1.      Themes on conflict of laws- I.O Agbede (1989)

2.      The conflict of laws- Morris





[1] Is the informal name given to the practice adopted by some litigants to have their legal case heard in the court thought most likely to provide a favourable judgment.
[2] Literally meaning in French “send back” or “to return unopened” applies whenever a forum court is directed to consider the law of another state.

The Law of Domicile

Conflict of Law Group 2


            Conflict of laws (or private international law or international private law as it is sometimes known) is a set of procedural rule that determines which legal system and which jurisdiction apply to a given dispute. The rules under conflict of laws apply when a legal dispute has a “foreign” element such as a contract agreed to parties in different countries.

            There are some certain concepts which are important or are regarded as a determinative factor in the conflict of laws. Such concepts include; domicile and nationality.

            The developments of technology and mobility from one state or another brought the emergence of problems. This is because in the process of moving about, an individual has to determine which law applies to him, his marriage, his business transactions, etc.

The development of passports came about in a bid to solve this problem. Passports act as a connection to a legal jurisdiction, which people carry about wherever they go.



            Domicile is the status or attribution of being a permanent resident in a particular jurisdiction. A person can remain domiciled in a jurisdiction even after they have left it, if they have maintained sufficient links with that jurisdiction or have not displayed an intention to leave permanently (that is to say, if that person has not yet moved to a different state, or has not yet formed an intention to remain there indefinitely). LORD CHELMFORD in WAICKER V HUME[1]  in defining domicile said,

“That place is properly the domicile of a person in which he has voluntarily fixed the habitation of himself and his family, not for a mere special or temporary purpose but with a present intention of making it his permanent home...”

The concept of domicile is not uniform throughout the world. To civil lawyers in Europe who do not apply common law, it means habitual residence. While at common law it is regarded as equivalent to a person’s permanent home

Domicile is what is termed in private international law as a “connecting factor” which connects an individual with a system of law for the purposes of determining a range of matters, principally related to his status or property. For example, in the circumstances below, domicile is said to be a “connecting factor”

  .Legal capacity to marry

  .Personal capacity to make a will

 .Formal validity of a will

 .Jurisdiction of the court in proceedings for divorce


Nationality on the other hand is a relationship between an individual and a country (to which a person owes his allegiance to). Nationality normally confers some protection of the individual by the state and some obligations on the individual towards the state. Where the state and country is federated into separate legal systems the two (domicile and nationality) will be different. But where the country is federated into separate legal systems the two will be different.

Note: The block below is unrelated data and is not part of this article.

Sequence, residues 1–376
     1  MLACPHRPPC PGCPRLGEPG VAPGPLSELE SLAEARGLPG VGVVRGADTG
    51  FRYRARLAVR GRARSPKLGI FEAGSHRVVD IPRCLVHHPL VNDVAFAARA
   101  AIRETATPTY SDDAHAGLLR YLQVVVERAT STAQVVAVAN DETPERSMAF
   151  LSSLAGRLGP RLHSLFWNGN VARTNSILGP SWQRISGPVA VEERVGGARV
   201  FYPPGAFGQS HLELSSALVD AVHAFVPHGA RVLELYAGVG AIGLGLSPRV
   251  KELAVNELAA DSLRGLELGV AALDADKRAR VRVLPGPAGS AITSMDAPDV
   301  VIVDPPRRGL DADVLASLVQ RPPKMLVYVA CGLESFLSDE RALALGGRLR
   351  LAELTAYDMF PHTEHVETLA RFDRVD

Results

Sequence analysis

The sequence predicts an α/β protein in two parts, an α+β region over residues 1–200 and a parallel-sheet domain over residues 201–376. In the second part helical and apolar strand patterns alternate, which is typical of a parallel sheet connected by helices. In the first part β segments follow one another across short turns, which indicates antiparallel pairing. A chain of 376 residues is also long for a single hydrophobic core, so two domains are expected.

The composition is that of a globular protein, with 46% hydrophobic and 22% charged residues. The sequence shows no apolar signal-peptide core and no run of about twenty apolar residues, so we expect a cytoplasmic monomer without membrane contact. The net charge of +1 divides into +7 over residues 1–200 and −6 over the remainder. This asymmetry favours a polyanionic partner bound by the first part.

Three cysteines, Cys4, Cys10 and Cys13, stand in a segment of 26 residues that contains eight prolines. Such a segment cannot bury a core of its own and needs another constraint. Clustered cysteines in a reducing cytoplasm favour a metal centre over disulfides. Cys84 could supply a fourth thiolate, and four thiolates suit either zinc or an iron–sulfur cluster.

Domicile can be distinguished from nationality in that one can have a dual nationality but not more than one domicile at a time as it was held in the case of ODIASE V ODIASE[2].

 Every person as well must have a domicile as was seen in the case of UDNY V UDNY[3]. Unlike nationality no person can be without a domicile even if stateless.

Nationality represents a man’s political status, by virtue of which he owes allegiance to some particular country; domicile indicates his civil status and it provides the law by which his personal rights and obligations are determined.  Nationality depends, apart from naturalisation, on the place of birth or on parentage; domicile is constituted by residence in a particular country with the intention of residing there permanently. It follows that a man may be a national of one country but domiciled in another.



            The rules for determining domicile in common law jurisdictions are based on case law in origin. However, as time went on, different jurisdictions altered some aspects of the common law rules by statute, details of which may vary from one jurisdiction to another. The common law rules have however survived in most jurisdictions and are outlined below.


Dicey states the common law rule as thus;

“Every person receives at birth a domicile of origin,

a) A legitimate child born during the lifetime of his father has his domicile of origin in the jurisdiction in which his father was domiciled at the time of his birth.

b)  A legitimate child not born during the lifetime of his father or an illegitimate child has his domicile of origin in the jurisdiction in which his mother was domiciled at the time of his birth.

c) A foundling has his domicile of origin in the jurisdiction in which he was found.

A domicile of origin is attributed by law to every person at birth. There is no necessary connection between the place of birth and the domicile of origin.

A domicile of origin is more tenacious than a domicile of choice. It is more difficult to prove that it has been abandoned. The point of domicile of origin ensures that everyone has one domicile and only one domicile at all times. If a person leaves the country of his domicile of origin, intending never to return to it, he continues to be domiciled there until he acquires a domicile of choice in another country. But if a person leaves the country of his domicile of choice, intending to never return to it, he ceases to be domiciled in that country unless and until he acquires a new domicile of choice, his domicile of origin revives.